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Rolling Grape: Big hills and robust flavours, on the family farm

Rolling Grape Vineyard

260 County Rd 2, Bailieboro

“We always talk about farm to table,” says Jon Drew. “But there’s not many farms where you can actually sit at the table.” But that’s the routine at Rolling Grape Vineyard, although Drew, a second-generation farmer, isn’t serving up your typical crop. “I wanted more—I wasn’t very excited to grow corn,” he remembers. And because the surrounding family farm grows a cash crop, soybeans and wheat in addition to the corn, which is harvested and shipped away, Drew adds that he wasn’t able to enjoy the fruits of their labour. “The only time I saw it was later, in corn flakes,” he laughs.

So, on these picturesque, rolling hills, he began planting grapes. Drew started with a series of test crops about a decade ago but, with no other vineyards in the area, he wasn’t sure what would work. “When I was planting, people would pull up in their cars and tell me, ‘You know that grapes don’t grow here, right?,’” he says. “I was like, ‘I’m going to show you that they do.’”

And, in fact, they do grow—quite nicely, actually. Rolling Grape now has about 12 acres under vine. The key, Drew says, was finding the right ones to grow—including three types of Frontenac, Baco Noir, Vidal, Petite Pearl, and Marquette. “I grow hardy, cold-weather plants,” he says, Marquette, which forms the biggest part of his harvest, doesn’t freeze until the mercury drops to minus forty. Merlot, by comparison, freezes at minus ten. The terroir helps, too, with heat coming up from the waters of nearby Rice Lake, and those namesake hills splitting up storms rolling in from the west.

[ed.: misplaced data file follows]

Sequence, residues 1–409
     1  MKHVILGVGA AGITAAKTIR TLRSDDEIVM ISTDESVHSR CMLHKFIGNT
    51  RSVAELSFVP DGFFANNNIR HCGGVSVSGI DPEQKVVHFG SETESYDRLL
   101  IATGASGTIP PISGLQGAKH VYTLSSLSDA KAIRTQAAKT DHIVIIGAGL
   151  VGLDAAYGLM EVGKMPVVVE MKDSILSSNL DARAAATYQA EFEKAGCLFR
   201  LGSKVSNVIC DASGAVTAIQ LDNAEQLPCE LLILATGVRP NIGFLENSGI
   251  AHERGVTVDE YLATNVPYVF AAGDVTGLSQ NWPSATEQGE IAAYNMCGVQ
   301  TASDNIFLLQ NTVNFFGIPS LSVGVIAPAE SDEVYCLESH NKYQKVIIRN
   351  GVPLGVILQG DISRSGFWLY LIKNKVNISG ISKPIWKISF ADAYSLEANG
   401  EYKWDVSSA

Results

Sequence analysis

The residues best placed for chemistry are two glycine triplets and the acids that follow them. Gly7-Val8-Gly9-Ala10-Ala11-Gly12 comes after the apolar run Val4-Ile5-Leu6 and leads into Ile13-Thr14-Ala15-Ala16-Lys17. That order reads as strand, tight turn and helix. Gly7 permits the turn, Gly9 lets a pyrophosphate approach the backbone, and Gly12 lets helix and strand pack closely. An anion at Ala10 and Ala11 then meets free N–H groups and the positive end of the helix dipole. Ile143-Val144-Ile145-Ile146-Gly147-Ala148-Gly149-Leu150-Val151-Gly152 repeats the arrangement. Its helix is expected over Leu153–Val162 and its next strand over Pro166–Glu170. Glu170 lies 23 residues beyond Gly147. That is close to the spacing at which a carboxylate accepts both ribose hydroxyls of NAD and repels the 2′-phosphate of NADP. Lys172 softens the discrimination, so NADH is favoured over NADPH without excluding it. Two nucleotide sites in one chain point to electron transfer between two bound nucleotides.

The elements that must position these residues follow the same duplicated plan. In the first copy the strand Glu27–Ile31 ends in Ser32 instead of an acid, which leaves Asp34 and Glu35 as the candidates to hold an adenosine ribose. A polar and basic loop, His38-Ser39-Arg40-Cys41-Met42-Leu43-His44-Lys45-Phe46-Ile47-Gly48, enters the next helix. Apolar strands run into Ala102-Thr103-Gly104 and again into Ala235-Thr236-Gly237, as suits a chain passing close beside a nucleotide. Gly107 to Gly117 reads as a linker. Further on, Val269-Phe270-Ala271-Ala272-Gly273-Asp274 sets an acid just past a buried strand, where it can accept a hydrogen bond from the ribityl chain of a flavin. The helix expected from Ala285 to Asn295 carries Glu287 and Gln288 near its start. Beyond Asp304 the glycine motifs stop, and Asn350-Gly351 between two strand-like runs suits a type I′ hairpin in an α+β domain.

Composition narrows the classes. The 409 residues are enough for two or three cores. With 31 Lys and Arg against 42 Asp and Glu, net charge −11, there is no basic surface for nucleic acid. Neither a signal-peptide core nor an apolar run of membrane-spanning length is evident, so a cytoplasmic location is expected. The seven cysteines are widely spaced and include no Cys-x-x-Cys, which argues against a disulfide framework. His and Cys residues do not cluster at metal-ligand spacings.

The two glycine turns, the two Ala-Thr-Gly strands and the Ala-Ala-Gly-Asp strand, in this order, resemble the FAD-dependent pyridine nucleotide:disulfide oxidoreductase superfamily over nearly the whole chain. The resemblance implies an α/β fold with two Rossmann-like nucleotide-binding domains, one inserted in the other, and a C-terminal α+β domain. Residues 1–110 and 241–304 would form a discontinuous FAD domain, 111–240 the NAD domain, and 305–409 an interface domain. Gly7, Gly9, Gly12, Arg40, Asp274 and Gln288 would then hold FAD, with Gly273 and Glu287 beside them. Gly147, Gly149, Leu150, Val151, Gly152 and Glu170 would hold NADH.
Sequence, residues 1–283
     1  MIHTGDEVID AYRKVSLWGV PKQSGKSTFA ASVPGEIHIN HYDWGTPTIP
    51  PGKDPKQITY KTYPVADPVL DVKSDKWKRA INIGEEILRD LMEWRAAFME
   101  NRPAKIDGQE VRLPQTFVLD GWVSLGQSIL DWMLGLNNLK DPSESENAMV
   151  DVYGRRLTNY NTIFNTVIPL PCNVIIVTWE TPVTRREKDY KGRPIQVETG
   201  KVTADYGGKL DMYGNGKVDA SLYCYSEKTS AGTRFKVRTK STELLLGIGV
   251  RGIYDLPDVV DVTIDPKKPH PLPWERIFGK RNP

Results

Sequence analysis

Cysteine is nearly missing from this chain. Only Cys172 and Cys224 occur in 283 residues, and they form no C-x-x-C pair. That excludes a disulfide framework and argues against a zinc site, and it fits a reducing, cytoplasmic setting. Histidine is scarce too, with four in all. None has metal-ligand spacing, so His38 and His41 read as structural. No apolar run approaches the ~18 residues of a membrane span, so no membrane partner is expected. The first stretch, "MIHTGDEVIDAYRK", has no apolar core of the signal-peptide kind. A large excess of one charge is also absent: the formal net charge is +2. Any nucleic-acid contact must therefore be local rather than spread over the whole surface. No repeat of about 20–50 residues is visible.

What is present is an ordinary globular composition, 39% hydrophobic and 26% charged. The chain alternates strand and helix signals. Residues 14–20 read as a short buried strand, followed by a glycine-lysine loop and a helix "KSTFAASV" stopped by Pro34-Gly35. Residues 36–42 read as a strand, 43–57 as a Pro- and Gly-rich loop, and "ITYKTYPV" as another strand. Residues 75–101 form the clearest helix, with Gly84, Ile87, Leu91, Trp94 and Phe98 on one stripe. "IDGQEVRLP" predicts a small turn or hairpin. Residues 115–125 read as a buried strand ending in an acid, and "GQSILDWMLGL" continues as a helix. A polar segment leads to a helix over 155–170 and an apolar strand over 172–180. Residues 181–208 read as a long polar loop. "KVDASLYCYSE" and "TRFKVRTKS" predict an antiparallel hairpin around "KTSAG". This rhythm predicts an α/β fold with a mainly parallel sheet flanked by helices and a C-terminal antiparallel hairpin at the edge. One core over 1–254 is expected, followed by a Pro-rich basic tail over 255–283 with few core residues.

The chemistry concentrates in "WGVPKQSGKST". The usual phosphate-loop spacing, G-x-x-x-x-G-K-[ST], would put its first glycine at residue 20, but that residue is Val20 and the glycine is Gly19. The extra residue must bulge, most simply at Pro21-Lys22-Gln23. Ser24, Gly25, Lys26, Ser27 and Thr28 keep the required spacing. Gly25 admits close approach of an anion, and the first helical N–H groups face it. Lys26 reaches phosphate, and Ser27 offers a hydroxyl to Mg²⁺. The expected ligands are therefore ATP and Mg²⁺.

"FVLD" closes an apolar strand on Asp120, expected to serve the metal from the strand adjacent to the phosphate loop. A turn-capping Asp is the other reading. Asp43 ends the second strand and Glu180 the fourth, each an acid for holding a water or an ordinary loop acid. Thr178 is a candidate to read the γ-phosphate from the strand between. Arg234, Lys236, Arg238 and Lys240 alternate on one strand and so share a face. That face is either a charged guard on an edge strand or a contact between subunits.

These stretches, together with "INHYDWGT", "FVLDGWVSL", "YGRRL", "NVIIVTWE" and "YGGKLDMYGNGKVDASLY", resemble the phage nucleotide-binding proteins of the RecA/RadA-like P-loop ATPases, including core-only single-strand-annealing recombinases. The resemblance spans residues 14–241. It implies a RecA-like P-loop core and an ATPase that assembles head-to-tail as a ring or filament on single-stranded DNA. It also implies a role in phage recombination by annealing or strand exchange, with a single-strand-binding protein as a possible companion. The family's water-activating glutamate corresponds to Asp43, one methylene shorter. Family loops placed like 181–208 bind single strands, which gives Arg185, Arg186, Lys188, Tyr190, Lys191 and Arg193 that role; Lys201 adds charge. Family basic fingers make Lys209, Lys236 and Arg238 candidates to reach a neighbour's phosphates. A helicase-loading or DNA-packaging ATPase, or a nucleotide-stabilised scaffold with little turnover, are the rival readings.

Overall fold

Rolling Grape pairs the wines with a charcuterie board using as much local meat and cheese as possible, and will soon start serving pizzas from a outdoor, wood-fired brick oven. And when they offered long-table dinners, the meat came from just up the road at Traynor Farms, and the vegetables from Brown’s Farm, just a little further afield. “Staying local, it’s all about supporting one another,” he says.

And you won’t find any wine snobbery here—rather, the friendliness of a family farm. Visitors are welcome to take a little tour amongst the vines, with staff, and often Drew himself, pointing out the different types of grapes. Take a walk, then settle in to enjoy a glass, or a bottle, at the sleek, blue tasting room settled into a glacier-carved, green valley, with a sprawling patio off the side and back. A perfect place to order a crisp Sauvignon Blanc, the citrus of their unique orange wine, or even, if you’re lucky, some of their bourbon barrel chardonnay. (A limited edition, they only made 24 cases of this white, which was aged for 14 months in Buffalo Trace barrels.) Sip under the sun, surrounded by the farm.

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